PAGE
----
Everyone needs an estate plan. It doesn’t matter if you have few estate assets, are living your best life in your 20s, or don’t have close ties with your family members. Estate planning allows you to prepare for unexpected events and ensures the right people or organizations inherit your personal property at your time of death. An estate planning questionnaire can make the process easier and help you in developing proper estate planning alternatives.
Why do you need an estate planning questionnaire at all? The truth is, the estate planning process is not one everyone is willing to undergo. For one, many California residents are busy with their lives and do not have the spare time to go through the hassle of doing paperwork that also entails paying a visit to the estate planning department. Second, this isn’t the most enjoyable topic to consider since it entails identifying the key person to inherit your property when you die. Many people do not like thinking about death through is sure to happen to everyone!
However, if you’re willing to put in a bit of time, completing an estate planning questionnaire and setting up an estate plan could save your loved ones a lot of time and hassle of distributing your investment assets. In this article, we’ll discuss the preliminary steps of estate planning and what you can do now to get the ball rolling about developing a clear estate planning review.
The Cost of Estate Planning
Before we dive deeper into the preliminary steps of estate planning, it is important to take a peek at basic information about estate planning. Let’s spend a moment looking at the normal components and costs of estate planning for your real estate.
There’s no getting around it: estate planning can get expensive depending on the values of assets involved. The average cost is around $3,500. This may vary depending on your situation, the legal assistance you plan to seek, and the complexity of your estate plan. If you pay an hourly rate for a lawyer, for example, be prepared for costs to add up. The average hourly cost for an estate planning lawyer is hundreds of dollars.
The good thing is that while a lawyer gives you a sense of safety and security, there are also registered legal document assistant services available in California that are far less expensive compared to hiring a qualified estate planning attorney. For instance, A People’s Choice offers several packages that you can choose from depending on your needs and the nature of personal estate planning.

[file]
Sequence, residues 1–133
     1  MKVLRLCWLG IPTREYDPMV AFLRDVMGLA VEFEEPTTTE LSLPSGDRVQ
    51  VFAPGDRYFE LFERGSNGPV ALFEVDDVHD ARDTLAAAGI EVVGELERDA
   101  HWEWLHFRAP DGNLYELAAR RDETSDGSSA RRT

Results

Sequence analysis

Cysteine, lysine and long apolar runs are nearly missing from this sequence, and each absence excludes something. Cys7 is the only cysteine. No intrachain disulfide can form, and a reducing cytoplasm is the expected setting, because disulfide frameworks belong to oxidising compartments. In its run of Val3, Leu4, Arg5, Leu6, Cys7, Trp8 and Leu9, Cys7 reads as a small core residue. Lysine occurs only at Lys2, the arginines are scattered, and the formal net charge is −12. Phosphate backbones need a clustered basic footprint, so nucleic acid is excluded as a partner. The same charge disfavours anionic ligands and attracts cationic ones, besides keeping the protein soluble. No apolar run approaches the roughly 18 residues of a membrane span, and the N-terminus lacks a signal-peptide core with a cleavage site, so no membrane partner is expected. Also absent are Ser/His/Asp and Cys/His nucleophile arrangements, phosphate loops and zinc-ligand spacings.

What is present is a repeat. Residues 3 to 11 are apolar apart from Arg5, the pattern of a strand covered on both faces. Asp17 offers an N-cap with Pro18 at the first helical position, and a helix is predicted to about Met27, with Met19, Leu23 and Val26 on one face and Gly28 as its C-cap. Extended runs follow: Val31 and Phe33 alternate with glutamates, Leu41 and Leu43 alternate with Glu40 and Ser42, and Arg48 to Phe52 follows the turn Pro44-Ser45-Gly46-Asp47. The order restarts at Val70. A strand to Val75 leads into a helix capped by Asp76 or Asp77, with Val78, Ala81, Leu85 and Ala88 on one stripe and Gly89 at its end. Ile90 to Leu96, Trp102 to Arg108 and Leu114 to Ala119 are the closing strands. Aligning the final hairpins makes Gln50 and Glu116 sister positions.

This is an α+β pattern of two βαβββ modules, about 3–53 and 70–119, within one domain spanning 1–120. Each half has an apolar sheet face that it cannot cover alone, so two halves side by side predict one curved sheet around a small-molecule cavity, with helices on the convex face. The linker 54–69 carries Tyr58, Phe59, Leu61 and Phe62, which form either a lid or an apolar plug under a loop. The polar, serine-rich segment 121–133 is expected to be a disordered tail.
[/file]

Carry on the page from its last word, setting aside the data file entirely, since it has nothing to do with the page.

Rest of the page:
Their most sought-after package is the “Trust Package” which already includes a trust, will, certificate of health, healthcare directive, and financial power of attorney for as low as $450. You may also select a trusted company to oversee your estate distribution when you die. The main activity will entail handing over the trust property to heirs.
A People’s Choice Estate Planning Questionnaire
Structuring an estate plan is not an overnight task. It requires the careful gathering of information to ensure that your estate plan is 100% accurate and error-free.
To help you include important details, the first thing that you should do is complete our estate planning questionnaire. It gets designed to lay out the foundation of your estate plan that best suits your preferences for your real estate. If you choose to hire a lawyer, they may also use a questionnaire so they have an understanding of your expectations and assist you in meeting your end-of-life wishes based on your outlined beneficiaries of trusts.
Rest assured that your information is treated with the utmost confidentiality. The information you provide will never be released and divulged to other people without your consent or trust agreement.
Content of Our Estate Planning Questionnaire
The questionnaire is designed for either couple (married or unmarried). There may be questions that are only applicable to married couples that have minor children in their custody. The direction of your estate plan will heavily depend on your civil status. Nonetheless, whether you are single or married with additional children, we highly encourage you to fill out the estate planning questionnaire to get started with the planning process for your real estate.
Our fillable questionnaire is in multiple-choice format and only takes a minute or two to complete filling the blank form. Different law firms and document assistant services make different formats of questionnaires depending on the form of ownership of the estate. Some more in-depth questionnaires may ask for personal information, family information, current documents, financial information, decisions to make, and miscellaneous other tidbits.
Therefore, as a form owner, you need to provide all the reliable details. Some questionnaires may also allot one page for supplemental information just in case you have additional information you would like to include in the narrative form. In case you run a business, you’ll need to outline the nature of the business and its form of organization.
Four Further Estate Planning Questionnaire Questions
If you’ve already taken our questionnaire or you just want to delve deeper into the estate planning process, you might want to consider the following four questions on a piece of paper or a word processing document. These will help you think more about your situation and decide what type of estate planning is right for you.
Question 1. What are your goals?
“Do you wish your business to continue after your death? Do you want to make sure that your family gets taken care of? Do you plan to give a specific asset of yours to someone?”